Nostalgia Conquered

I’ve been back living in New York City for over four months.

Life was strange at first, but I became adjusted.

Being in the United States of America, especially here, its biggest city, it is possible to get so much exposure to the rest of the world. Apart from the international scale, the traditional US lifestyle and set of customs for those of us whose lineage has been here for generations does possess its own unique factors that can be considered truly American.

Since this is such a big, diverse and complicated country, you can also feel like you fit into your particular region, and the rest of the country and world will always be compared to from that perspective. I’ve always considered everything in the perspective of being from New York and from America, and since I’ve recently returned, I’ve gained insight as to how to compare many other places to here.

As predicted, I do miss many factors about life and travel in Asia. However, being so close to 8th Avenue in Brooklyn, I simply need to walk a few blocks to have bits of my nostalgic cravings shortly appeased.

For instance, I can get all of the cutesy kitsch I want, no short of any glitter or pastels or big eyes.

(Though I don’t usually want it).

Of course I’ll get reminded of some less desirable components, and this brings me  flashbacks of such interesting markets I passed through in Asia.

But then I can just walk into one of the 8th Avenue bakeries, and be reminded of something I enjoyed in a different country, thought about how much I would miss it when I departed, and then just be able to obtain the same thing in New York City.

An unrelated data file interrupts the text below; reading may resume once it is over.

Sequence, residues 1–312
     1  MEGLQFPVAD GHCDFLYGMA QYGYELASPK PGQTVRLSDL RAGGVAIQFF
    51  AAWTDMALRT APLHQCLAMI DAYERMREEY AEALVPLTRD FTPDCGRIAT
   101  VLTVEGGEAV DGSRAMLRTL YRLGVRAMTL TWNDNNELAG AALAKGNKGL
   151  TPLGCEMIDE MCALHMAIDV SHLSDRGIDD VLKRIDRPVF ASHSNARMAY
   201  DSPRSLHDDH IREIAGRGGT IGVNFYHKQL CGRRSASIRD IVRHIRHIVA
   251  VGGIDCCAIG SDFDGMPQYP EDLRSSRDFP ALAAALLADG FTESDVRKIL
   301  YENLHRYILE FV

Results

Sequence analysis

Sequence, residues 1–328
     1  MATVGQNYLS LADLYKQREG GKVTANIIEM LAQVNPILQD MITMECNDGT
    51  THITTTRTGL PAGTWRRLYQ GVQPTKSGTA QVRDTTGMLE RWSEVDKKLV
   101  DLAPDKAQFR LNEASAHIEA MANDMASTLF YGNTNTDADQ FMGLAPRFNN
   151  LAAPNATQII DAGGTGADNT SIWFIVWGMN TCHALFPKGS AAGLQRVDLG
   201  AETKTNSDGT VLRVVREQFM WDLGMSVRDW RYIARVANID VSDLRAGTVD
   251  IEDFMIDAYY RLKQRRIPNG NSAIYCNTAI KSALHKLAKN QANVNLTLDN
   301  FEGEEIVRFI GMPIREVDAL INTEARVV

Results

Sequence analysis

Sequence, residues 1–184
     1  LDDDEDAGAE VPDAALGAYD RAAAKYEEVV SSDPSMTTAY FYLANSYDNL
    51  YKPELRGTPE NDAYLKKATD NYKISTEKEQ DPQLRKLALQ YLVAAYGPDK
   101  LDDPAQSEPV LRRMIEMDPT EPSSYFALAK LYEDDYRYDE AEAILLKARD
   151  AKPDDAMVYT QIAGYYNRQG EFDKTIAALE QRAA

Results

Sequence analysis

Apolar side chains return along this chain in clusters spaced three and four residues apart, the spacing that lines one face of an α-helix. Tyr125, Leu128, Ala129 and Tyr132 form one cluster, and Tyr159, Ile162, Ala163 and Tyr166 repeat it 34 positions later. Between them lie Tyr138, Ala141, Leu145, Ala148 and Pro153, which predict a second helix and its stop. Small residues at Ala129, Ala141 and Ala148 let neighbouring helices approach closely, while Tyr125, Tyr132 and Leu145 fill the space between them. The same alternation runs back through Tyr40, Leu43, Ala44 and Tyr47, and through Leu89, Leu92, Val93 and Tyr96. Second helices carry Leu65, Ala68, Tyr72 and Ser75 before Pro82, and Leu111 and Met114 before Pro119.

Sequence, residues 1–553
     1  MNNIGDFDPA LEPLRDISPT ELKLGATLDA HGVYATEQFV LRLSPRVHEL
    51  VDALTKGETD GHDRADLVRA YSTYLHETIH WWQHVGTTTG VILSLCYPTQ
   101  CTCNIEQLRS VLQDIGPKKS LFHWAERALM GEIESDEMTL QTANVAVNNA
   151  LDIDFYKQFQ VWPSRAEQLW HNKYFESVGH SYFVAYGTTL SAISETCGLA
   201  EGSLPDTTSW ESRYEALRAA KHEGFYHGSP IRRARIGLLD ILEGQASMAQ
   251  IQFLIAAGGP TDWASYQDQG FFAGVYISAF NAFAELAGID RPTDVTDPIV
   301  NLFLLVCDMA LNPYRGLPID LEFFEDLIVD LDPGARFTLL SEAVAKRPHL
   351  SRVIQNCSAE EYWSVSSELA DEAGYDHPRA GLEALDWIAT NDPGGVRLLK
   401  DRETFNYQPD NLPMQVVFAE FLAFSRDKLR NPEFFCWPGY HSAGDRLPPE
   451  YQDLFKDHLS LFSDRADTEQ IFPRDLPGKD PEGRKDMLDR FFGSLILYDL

If I get too caught up in Asian references and travel memories, I can always just head down to Sunset Park, take a pause, observe the Manhattan skyline, and realize my surroundings.

Good Fortune, a local Asian supermarket, also calms my desires for edible consumer goods from the East. When I lived in Daegu, South Korea, I would become excited when the pasta selection in the tiny “Foreign Foods” section of the hypermarket, E-Mart, would offer more noodle options than just standard spaghetti, or if there was more than one version of canned baked beans. In New York City, I can have an entire market of my missed overseas options, plus some new ones.

From Korean rice dumplings to Taiwanese chewy sweets to Southeast Asian fruits, I can access all of the exotic treats within such easy reach.

Again, I can always just step out and realize where I actually am. Biting into any of these foods will take my mouth and mind back to foreign lands, and I am satisfied that I can achieve such a phenomenon in local settings.

Early mornings at Leif Eriskson Park always have something new to offer.

The most consistent practice is Tai Chi, but I’ve also seen sword dancing, coordinated pop-music choreography, exercising on stationary machines, erhu playing, Chinese newspaper reading and general socializing.

But apart from bringing me back to where I had been, it’s nice to have things that look truly American and truly New York. When you travel elsewhere, you are sometimes met with a line of imitations of your own culture that never seem to match up to the feeling you get from where they originate.

It’s even  pleasnt to have the surrounding New York City scenery when you are presented with the urban environments that represent instances of foreign cultures.

And then to get away to experience other places, I don’t need to turn on the television or read a book, but simply to walk down the street.

I enjoy being back. I enjoy being reminded of my travels. I enjoy having left, gained the perspective, returned, reminisced and been reminded.